Regular readers know that my plan for air travel in 2015 is simple:
- I requested a status match to Alaska Airlines MVP status, and received MVP Gold 75K status, valid through 2015.
- Until the end of 2014 I continued to credit my paid Delta travel to Skymiles, and reached Silver elite status for 2015.
- For award flights on Delta, and paid flights where I know I'll have to check bags, I'll continue to enter my Skymiles number in order to check a bag for free.
- For paid flights on Delta without checked bags, and all paid flights on American, I'll credit my miles flown to Alaska, in the hopes of earning MVP status again for 2016.
- I don't fly United.
Since I love flying Delta, and live in the upper Midwest, until this year I only rarely had any reason to stray.
Now that Alaska has gutted mileage earning on paid Delta flights, however, I'm looking at more American flights. After all, a 1,000 mile Delta ticket in an "L" fare class will earn just 500 Mileage Plan miles (1,125 after the MVP Gold 75K 125% mileage bonus), while the same flight on American will earn 2,250 miles. The farther the distance traveled, the more valuable an economy ticket on American is, compared to the same distance flown in a cheap Delta fare bucket.
But American's website is a terrible place to buy American Airlines tickets!
There is way less going on than meets the eye
Here's the first flight option for an upcoming trip I'm planning:
If you're used to any other airline, you might assume these are 4 different fare classes, at 4 different price points. You'd be absolutely wrong. The first three options all book into the "O" fare bucket. Rather than different fare classes, they're different fare basis codes, which indicate to American what services are bundled into your ticket. Here's Choice Essential:
In other words, on the one-way flight I searched for, you can prepay your checked bag fee and pay an extra $4 for Group 1 boarding priority. I get free checked bags through my Alaska status, and priority boarding isn't a big deal for me, but many people seem to love boarding early, so maybe it'll makes sense for them.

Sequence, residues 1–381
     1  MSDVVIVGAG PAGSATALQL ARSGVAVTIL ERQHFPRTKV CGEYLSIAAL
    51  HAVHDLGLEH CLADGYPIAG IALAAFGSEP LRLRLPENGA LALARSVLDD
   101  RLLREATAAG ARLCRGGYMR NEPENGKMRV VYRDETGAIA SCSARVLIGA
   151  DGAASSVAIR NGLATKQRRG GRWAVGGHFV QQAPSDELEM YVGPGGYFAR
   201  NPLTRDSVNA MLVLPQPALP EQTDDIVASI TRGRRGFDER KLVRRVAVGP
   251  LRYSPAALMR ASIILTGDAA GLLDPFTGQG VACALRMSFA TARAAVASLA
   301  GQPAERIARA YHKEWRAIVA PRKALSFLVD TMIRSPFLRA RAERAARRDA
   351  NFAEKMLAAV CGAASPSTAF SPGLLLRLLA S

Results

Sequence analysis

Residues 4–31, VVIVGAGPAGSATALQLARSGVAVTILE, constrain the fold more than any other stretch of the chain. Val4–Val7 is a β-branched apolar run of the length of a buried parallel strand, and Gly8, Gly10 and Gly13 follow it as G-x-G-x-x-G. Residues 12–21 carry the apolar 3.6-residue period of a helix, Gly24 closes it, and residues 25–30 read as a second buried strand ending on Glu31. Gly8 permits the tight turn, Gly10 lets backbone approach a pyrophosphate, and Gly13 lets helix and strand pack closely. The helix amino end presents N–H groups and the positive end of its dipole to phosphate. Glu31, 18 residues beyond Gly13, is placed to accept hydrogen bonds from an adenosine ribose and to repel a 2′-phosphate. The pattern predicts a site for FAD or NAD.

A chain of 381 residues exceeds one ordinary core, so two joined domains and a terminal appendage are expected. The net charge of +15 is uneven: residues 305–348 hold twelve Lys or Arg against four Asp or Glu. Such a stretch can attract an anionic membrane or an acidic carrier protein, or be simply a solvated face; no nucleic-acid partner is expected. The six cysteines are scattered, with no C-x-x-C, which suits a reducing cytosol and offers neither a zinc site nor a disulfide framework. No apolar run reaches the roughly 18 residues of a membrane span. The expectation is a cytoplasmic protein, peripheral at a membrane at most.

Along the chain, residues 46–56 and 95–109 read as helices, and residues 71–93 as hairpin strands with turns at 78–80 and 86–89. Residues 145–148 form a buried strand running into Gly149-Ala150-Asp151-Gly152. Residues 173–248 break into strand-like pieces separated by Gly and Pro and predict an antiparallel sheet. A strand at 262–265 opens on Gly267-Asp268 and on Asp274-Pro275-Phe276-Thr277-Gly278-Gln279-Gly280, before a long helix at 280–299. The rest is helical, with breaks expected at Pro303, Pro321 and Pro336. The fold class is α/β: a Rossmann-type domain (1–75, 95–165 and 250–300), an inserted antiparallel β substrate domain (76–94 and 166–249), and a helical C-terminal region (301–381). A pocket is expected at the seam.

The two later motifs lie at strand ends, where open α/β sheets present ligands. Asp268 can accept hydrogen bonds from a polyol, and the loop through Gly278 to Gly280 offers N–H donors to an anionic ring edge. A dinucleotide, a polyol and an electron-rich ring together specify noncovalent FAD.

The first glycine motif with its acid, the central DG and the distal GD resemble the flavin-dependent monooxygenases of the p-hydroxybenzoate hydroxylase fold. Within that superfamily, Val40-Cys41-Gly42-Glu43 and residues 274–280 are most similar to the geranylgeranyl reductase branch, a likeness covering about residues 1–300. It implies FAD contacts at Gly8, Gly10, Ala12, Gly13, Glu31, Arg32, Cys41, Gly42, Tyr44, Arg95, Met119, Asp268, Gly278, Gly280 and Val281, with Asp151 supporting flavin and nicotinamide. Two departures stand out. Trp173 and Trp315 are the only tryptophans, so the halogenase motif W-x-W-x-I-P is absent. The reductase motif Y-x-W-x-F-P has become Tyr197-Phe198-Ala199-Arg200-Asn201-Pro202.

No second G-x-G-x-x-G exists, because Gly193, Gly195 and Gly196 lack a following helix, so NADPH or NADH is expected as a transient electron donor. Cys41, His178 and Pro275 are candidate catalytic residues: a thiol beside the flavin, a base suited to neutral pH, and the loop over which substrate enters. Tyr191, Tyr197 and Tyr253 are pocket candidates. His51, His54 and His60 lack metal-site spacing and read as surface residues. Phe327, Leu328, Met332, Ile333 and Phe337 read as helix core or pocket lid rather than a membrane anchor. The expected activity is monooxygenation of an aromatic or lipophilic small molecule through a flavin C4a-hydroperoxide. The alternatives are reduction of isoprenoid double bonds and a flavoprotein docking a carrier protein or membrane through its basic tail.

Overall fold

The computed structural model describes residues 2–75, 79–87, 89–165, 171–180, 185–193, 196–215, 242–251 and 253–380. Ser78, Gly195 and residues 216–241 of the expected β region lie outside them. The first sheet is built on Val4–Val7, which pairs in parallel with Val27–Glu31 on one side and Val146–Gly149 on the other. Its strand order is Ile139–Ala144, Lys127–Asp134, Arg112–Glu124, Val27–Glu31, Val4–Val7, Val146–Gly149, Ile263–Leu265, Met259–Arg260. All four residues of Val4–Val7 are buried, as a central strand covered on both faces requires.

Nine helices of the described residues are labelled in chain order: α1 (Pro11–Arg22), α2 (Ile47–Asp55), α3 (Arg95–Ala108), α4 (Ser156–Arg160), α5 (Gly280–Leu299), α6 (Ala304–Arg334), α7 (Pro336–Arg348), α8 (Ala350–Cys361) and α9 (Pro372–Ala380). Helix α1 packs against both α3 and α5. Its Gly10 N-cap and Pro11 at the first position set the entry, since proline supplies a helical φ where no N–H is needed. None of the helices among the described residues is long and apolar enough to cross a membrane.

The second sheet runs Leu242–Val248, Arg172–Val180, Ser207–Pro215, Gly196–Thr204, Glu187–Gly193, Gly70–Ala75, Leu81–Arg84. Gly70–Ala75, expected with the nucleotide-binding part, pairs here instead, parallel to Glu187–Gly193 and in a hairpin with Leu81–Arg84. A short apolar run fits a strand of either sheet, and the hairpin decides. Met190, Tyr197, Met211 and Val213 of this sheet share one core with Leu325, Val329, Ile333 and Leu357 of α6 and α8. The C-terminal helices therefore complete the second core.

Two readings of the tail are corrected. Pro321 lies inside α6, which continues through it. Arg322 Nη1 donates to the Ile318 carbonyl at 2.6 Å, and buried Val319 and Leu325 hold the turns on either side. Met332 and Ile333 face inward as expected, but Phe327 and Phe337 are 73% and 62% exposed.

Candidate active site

And here's Choice Plus:
On the flight I looked at, for $80 you can get all the benefits of Choice Essential, plus a 50% AAdvantage mile bonus and free same-day travel changes. Paying $51 for 1083 AAdvantage miles is not a good deal. But if you anticipated making same day travel changes anyway, the bonus AAdvantage miles would be a nice touch.
The problem is that to earn them, you'd need to travel under your AAdvantage member number, instead of your Alaska Airlines Mileage Plan number, defeating the purpose of flying American to begin with!
Why does it matter?
There are a few reasons why it's good to understand what's going on here. First of all, so you don't unwittingly book one of these Choice Essential or Plus fares!
But secondly, you might actually want to book one of these fares, and you definitely don't want to do it through American's website. Since Choice Essential and Plus fares have unique fare basis codes, travel agents should be able to manually book these fares over the phone.
For example, when searching the Chase Ultimate Rewards travel portal or US Bank Flexperks travel portal, you won't see these fares since they are all in the same "O" fare bucket.
But by calling in to Chase (866-951-6592) or Flexperks (888-229-8864), you should be able to ask the agent to book your ticket into a specific fare basis code, not just fare bucket. It's safe to assume not all phone agents will know how to do this, since it's a bit of an odd request, but if you try a few times you'll hopefully get one who can help you.
The obvious reason to do this is if you're planning to credit a flight on American to the AAdvantage program, and the flight you want is towards the bottom of a Flexperks Travel redemption band. By booking your ticket on a more expensive Choice Plus fare basis code, you'll earn the bonus 50% AAdvantage miles, without spending any more Flexpoints.
Choice Essential and Plus fares are overpriced, and strike me as a fairly shameless cash grab by American. But that doesn't mean there aren't situations when we can use them to squeeze a few more cheap miles out of the airline. The benefits seem to be primarily for passengers who credit their miles to AAdvantage (and don't have elite status), so I doubt I'll personally be taking advantage of these fare options.